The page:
Normally a headphone is connected with a jack.
As a jack is tip, ring, sleeve you have three wires, the signal for the left and right channel and a common ground for both drivers.


The ¼ inch (6.35mm) TRS jack is the standard.

As it is about as thick as a mobile, for portable gear a 3.5 mm connector is used.



An alternative is to connect the headphone with 4 wires, a separate + and – for each driver.
This is exactly how we connect our speakers  to an amp but for some reason it is often called a “balanced” connection in the headphone world.

A true balanced connection is using 2 signal wires, one carrying the signal and the other the inverse and a third for the earth.


To do so, you need to rewire the headphone and need a headphone amp with 4 pin output.


There is no standard for connecting headphones “balanced”
A common solution  is a 4 pin XLR.


A mini TRRS jack is another option




Headroom BUDA balanced headphone amp


Sennheiser’s HDVD 800 DAC/Headphone amp

The HDVD 800 has symmetrical outputs for the headphone.


More and more manufacturers of mobiles starts dropping het 3.5 headphone jack.
Indeed, without this jack it is easier to make the mobile waterproof.
Another trend is replacing the micro USB connector with a USB-C connector.

Although USB audio is not mature on Android, it is possible to connect a DAC to the USB C.


Moshi 24 bit / 192 kHz USB DAC - € 25.00



This is what one expects, a digital bus hence a DAC to convert the digital to analog.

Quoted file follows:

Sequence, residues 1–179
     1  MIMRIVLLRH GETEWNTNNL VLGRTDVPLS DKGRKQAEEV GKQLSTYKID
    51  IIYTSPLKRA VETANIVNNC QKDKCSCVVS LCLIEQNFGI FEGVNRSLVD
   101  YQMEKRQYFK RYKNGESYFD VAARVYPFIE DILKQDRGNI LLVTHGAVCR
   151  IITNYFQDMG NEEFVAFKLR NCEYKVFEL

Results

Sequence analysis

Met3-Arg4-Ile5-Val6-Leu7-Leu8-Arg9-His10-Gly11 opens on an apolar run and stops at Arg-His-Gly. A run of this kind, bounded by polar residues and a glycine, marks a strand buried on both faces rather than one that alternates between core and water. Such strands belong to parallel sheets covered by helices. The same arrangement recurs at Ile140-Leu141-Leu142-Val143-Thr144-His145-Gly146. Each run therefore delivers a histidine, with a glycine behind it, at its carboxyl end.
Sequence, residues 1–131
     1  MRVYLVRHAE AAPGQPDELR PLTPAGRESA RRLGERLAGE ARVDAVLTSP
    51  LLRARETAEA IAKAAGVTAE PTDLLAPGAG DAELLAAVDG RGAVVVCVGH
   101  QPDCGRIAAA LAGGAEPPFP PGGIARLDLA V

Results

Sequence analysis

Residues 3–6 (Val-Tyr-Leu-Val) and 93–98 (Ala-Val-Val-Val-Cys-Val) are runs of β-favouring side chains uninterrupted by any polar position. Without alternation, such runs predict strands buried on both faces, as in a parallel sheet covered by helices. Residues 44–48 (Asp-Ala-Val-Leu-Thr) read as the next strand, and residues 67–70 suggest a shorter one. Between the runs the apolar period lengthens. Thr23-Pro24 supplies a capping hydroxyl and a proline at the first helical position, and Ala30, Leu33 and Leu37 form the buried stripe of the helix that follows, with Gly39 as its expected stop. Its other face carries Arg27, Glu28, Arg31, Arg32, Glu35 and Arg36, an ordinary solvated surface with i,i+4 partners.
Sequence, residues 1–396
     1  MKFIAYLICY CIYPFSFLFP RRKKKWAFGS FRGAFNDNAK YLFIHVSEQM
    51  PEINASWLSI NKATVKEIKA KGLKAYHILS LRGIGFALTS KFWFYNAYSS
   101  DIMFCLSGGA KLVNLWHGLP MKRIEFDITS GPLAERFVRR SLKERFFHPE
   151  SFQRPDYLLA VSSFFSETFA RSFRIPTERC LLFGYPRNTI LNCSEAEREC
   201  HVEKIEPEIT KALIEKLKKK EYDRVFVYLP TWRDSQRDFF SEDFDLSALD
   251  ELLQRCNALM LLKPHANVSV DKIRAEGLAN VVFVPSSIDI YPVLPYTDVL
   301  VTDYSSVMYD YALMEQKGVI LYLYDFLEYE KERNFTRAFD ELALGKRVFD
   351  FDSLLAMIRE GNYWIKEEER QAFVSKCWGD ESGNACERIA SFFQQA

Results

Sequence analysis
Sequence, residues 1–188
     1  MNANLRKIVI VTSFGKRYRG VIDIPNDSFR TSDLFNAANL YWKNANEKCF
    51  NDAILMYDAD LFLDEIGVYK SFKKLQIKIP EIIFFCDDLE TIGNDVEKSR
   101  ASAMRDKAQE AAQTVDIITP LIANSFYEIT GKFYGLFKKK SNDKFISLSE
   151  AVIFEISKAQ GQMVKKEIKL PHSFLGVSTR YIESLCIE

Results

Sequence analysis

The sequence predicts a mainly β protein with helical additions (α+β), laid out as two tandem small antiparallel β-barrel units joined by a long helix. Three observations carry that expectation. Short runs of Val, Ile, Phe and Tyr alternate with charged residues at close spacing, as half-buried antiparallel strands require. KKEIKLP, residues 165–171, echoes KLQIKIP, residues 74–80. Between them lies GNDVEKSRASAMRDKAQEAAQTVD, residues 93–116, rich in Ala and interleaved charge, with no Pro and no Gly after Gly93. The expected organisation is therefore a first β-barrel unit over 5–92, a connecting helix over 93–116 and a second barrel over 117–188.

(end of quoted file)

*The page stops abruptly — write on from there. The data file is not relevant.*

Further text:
Google USB-C Digital to 3.5 mm headphone adapter - $12


A DAC at $12

I’m afraid its performance lives up to its price tag.

An inside view.

Analog USB-C

The 24 pins USB-C allows for analog audio!

The device must set the bus in Alternate mode to obtain this.

Obvious, USB-C is the most analog sounding digital bus!


A wireless headphone allows you to move freely.
A wireless headphone is an all in one solution.
Sound quality depends not on the drivers only but on the inbuilt DAC and amp as well.


Infrared is light hence it almost free of interference (WIFi etc)
The downside is that sender and receiver must literally see each other.
Infrared is in general limited to 10 m.

Sennheiser Set 900 infrared headphone


Wireless headphones often use a RF (Radio Frequency) transmitter.
The advantage is its long range (up to 100 m) and sender and receiver don’t have to be in the same room like in case of IR.
RF transmitters often use the 2.4 MHz  band.
This might cause interference with WiFi.

Sennheiser Flex 5000 $199

Base/docking station with optical and analog input.

Receiver with headphone out turns any wired headphone in a "wireless" one.

Added 2017



Bluetooth is a very popular protocol to connect a headphone wireless because its power consumption is low.
This is crucial as beside the Bluetooth receiver the battery also powers the built-in DAC and amp.

Standard Bluetooth audio is not lossless.
If both sender and receiver support it, it is possible to use non-mandatory codecs like APTX.

More detail information about Bluetooth and its audio codecs can be found here.


Novero Rockaway bluetooth headphone


Although wireless, almost all wireless headphones use wires to connect the left and right part.

Very few have a solution where left and right are connected wireless.


Onkyo W800 BT


As WiFi is a very popular protocol and is not handicapped by limited bandwidth and range like Bluetooth.

It looks like the ideal protocol to connect a headphone wireless.
Unfortunately, power consumption is high compared with Bluetooth resulting in a limited battery live.
The Koss Striva is the only WiFi enabled headphone known to me.

  1. Balanced Drive vs. Unbalanced Drive - Headroom
  2. Balanced audio - Wikipedia
  3. Headphone Connectors & Pins - DIY audio blog